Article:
The Seasonal Commodity Trade – Should Not Be A Surprise

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Graham Copley / Nick Lipinski



January 8th 2018

The Seasonal Commodity Trade – Should Not Be A Surprise

  • Commodities and commodity stocks have had a very good start to the year. This should not be a surprise as there is both a seasonal and economic driver behind the investor interest.
    • If we are going to run out of a commodity in any year – i.e. demand catching up with supply – it is generally evident by the end of the first quarter – order books for the year adjust to reflect expected increased demand and if there are shortages we will know quickly.
    • Commodities and commodity stocks often show early year strength, just in case this is the year. Now we have the added driver of strengthening growth globally and high oil pricing.
  • High oil pricing is as much a factor of strong demand as it is producer discipline and current demand and pricing is a function of the stronger economic activity.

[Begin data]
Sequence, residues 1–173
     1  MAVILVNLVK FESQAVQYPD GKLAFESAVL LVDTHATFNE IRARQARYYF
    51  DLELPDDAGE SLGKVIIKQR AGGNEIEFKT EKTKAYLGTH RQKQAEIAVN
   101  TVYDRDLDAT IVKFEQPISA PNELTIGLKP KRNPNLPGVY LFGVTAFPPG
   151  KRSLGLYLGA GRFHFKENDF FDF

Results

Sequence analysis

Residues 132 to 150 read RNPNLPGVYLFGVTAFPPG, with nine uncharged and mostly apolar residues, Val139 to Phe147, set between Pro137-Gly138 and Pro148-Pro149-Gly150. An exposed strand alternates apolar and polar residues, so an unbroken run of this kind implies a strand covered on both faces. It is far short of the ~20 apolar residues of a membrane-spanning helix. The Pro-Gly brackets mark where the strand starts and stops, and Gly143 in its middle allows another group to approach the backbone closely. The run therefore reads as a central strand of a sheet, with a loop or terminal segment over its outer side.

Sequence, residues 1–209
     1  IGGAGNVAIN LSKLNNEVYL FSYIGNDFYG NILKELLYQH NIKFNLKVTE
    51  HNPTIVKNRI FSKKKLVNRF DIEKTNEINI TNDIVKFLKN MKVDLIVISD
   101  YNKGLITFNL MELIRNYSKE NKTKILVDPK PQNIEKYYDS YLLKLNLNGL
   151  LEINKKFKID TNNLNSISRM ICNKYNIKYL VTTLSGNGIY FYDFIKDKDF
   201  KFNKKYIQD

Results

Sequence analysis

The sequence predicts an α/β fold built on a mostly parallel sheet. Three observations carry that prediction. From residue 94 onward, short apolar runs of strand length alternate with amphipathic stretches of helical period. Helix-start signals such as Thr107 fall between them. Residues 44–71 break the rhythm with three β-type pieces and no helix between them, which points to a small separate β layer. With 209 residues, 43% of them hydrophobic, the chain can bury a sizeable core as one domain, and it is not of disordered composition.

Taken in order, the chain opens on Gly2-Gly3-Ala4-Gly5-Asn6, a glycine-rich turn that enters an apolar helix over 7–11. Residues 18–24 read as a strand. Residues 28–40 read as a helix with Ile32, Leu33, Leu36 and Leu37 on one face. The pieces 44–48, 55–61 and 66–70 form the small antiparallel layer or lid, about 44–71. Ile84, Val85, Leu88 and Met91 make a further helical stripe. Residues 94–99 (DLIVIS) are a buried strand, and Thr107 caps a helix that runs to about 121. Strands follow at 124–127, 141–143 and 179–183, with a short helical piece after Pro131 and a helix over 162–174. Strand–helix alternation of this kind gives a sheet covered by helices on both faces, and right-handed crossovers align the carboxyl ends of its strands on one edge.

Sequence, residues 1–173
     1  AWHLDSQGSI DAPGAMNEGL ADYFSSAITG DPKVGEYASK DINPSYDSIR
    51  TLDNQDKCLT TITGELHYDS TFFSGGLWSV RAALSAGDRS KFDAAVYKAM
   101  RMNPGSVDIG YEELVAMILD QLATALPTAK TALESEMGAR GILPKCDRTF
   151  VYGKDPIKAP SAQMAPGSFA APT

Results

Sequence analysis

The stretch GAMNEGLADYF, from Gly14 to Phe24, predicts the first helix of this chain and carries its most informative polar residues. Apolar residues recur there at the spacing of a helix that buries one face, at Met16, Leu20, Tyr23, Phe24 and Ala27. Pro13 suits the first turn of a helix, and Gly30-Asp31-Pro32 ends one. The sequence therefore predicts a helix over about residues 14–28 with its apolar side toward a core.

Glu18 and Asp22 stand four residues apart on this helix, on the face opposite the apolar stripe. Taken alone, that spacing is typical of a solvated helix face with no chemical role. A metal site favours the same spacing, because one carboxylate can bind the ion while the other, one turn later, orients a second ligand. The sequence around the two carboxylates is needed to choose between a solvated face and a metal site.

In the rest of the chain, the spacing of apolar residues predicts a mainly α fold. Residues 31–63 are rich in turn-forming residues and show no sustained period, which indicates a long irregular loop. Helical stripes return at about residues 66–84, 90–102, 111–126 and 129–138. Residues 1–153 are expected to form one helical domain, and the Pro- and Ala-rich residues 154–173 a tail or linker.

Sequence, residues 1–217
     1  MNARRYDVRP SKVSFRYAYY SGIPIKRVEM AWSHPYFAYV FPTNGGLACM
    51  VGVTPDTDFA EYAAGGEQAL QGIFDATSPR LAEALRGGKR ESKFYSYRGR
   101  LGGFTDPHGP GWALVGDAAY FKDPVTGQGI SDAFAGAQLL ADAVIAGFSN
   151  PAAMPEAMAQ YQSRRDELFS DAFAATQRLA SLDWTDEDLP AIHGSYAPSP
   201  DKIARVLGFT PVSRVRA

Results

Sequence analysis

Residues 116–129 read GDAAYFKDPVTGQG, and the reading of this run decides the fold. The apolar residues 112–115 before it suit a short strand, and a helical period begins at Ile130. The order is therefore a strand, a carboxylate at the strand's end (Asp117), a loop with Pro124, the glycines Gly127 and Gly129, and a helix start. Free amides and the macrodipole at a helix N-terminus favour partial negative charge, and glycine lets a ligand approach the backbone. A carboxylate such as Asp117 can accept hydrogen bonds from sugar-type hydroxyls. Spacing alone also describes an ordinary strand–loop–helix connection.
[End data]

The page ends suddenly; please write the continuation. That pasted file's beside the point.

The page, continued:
• The higher prices also increase the margin umbrella for US producers of basic chemicals, and this has added to the enthusiasm for stocks like LYB, WLK and DWDP.
    • Positive earnings revisions for the US chemical names as analysts refresh their models for 2018 – DWDP the exception in our view where estimates remain far too low.
  • Metals pricing is rising for the same reason – possible stronger growth, leading to metals shortages and higher pricing throughout the year.
    • Aluminum and copper prices, while stable last week, rallied significantly in December.
  • While this is not a riskless trade for investors, it has some relative security because of the timing in the year. If we run short of product and it persists, some of these stocks could double in 2018: we have written about peak valuation for ethylene in recent research.
    • If April comes and it does not look like companies have the pricing power to run up to peak pricing and margins, there is plenty of time for investors to look for alternative investments for the balance of the year. Historic seasonality is shown in Exhibit 1 on the second page.
  • We would stay positioned exactly as we were at the end of 2017 and as suggested in our Friday Email: commodity and many diversified chemicals, plus AA and FCX.

Exhibit 1

Source: Capital IQ and SSR Analysis

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